1. 1. THE REMINISCENCES OF SIR MUHAMMAD ZAFRULLA KHAN INTERVIEWS CONDUCTED BY PROFESSORS WAYNE WILCOX AND AISLIE T. EMBREE FOR COLUMBIA UNIVERSITY WITH AN INTRODUCTION BY PROF. DR. PERVEZ PERWAZI 2004
  2. 2. "Copyright in the underlying English-language oral history upon which this publication is based is owned by Columbia University in the City of New York. Columbia University has not reviewed this publication to determine whether it is an accurate translation of the interview. No material from this publication may be reprinted without obtaining the approval of the Columbia University. Requests to quote material from the publication should be submitted to the Oral History Research Office of Columbia University." First published by the Oriental Publishers in June 2004. Oriental Publishers, P.O. Box 96512, 2414 Major Mackenzie Drive, Maple, Ontario, L6A 1B0, Canada. Main entry under title: Reminiscences of Sir Muhammad Zafrulla Khan. Based on interviews by Prof. Wayne Wilcox and Prof. Aislie T. Embree of Columbia for Columbia University. (IX) 256p. includes index. Original Title in English: Reminiscences of Sir Muhammad Zafrulla Khan. ISBN — 0 973327 1 9 Notes=* 1 Khan Muhammad Zafrulla Sir, 1893-1985. 2. India - History 1917-1947. 3. Pakistan - History 1947-1985. 4. India. Politics and Government. 5. Pakistan Politics and Government. 6. Muslim-India History. 7. India History Partition. 8. Pakistan History Partition. 9. All India Muslim League History. 10. Pakistan Movement History. 11. United Nations 1947-1954. 12. Judge International Court of Justice 1954-1961 and 1964-1973. 13. United Nations 1962-1963. 14. Vice President International Court of Justice 1958-1961. President International Court of Justice 1970- 1973. I. Perwazi, Pervez, 1936-. II. Reminiscences of Sir Muhammad Zafrulla Khan. III. Based on interviews of Prof. Wayne Wilcox and Prof. Aislie T. Embree in 1962-1963. Cover Design by Nabeel Ahmad Rana Published by Oriental Publishers, P. O. Box 96512, 2414 Major Mackenzie Drive, Maple, Ontario L6A 1B0, Canada. Printed at the Fazl-i-Umar Press, Chauncey, OH 45719, USA.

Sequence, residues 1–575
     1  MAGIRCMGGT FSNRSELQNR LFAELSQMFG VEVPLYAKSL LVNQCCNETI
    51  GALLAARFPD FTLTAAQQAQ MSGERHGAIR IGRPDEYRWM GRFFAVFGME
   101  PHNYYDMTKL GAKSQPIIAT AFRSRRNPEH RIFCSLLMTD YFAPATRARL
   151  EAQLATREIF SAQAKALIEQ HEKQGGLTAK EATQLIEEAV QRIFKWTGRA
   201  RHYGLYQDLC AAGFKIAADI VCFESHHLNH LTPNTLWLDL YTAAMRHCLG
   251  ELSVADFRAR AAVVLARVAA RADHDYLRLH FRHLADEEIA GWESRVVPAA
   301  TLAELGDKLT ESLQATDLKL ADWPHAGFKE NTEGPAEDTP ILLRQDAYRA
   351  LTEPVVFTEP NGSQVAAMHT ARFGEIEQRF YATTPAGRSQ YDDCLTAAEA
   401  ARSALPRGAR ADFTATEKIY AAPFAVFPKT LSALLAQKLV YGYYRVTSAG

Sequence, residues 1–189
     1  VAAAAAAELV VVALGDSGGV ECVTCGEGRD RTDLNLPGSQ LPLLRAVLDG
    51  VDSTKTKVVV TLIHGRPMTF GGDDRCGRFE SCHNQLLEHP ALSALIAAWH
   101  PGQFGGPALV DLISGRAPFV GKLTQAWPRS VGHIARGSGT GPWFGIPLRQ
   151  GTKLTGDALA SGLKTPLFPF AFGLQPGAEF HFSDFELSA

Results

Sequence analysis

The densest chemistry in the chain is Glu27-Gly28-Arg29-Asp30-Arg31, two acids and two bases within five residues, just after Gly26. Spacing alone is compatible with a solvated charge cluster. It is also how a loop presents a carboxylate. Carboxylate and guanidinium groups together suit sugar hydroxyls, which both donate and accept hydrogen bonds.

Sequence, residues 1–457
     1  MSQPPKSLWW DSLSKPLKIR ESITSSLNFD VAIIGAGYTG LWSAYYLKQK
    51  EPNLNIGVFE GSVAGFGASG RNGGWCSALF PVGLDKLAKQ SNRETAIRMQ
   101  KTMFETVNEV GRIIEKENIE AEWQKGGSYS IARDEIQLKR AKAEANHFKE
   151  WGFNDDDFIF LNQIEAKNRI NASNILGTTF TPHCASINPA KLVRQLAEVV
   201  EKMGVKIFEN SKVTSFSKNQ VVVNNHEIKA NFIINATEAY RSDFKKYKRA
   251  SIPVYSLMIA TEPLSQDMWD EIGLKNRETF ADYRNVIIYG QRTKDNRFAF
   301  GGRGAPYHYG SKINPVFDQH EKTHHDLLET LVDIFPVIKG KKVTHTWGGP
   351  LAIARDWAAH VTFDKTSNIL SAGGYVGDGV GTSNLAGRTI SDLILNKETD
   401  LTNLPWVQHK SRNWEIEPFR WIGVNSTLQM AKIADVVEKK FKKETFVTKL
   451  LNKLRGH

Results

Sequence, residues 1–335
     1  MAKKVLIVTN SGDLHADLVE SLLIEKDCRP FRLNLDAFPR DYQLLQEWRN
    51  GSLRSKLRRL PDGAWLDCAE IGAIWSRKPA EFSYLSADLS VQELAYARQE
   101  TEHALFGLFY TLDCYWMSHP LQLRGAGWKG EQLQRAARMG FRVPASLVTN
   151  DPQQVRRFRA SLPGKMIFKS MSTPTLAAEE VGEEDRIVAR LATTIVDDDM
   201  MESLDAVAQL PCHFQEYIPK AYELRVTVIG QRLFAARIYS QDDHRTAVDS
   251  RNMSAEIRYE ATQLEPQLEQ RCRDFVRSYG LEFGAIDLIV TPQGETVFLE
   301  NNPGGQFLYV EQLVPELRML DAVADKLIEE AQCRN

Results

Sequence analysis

3. 3. Dedication I dedicate this book to Mr. Kunwer Idrees, my revered teacher and a great admirer of Sir Zafrulla Khan.
  4. 4. REMINISCENCES OF SIR MUHAMMAD ZAFRULLA KHAN v CONTENTS Page Preface vii Acknowledgement ix Introduction xi INTERVIEW, MARCH 31, 1962 1 Biographical Sketch, The Khilafat Movement, Unionist Party, Sikander-Jinnah-Khizr, Cabinet Mission Plan, Two Muslim Leagues, Political Career, Simon Commission, Delhi Conspiracy, Round Table Conferences, President of All India Muslim League Session, Working of Viceroy's Executive Council, etc. etc. INTERVIEW, MAY 12, 1962 50 Third Round Table Conference, First Commonwealth Relations Conference, Membership of the Viceroy's Executive Council. INTERVIEW, MAY 19, 1962 73 Membership of the Viceroy's Executive Council. INTERVIEW, JUNE 2, 1962 89 Viceroy's Executive Council, The Coronation of King George The VI, Imperial Conference. INTERVIEW, JUNE 16, 1962 107 1937 Elections, War Supply, Supreme Court of India, Agent General to China, Dominion Minister's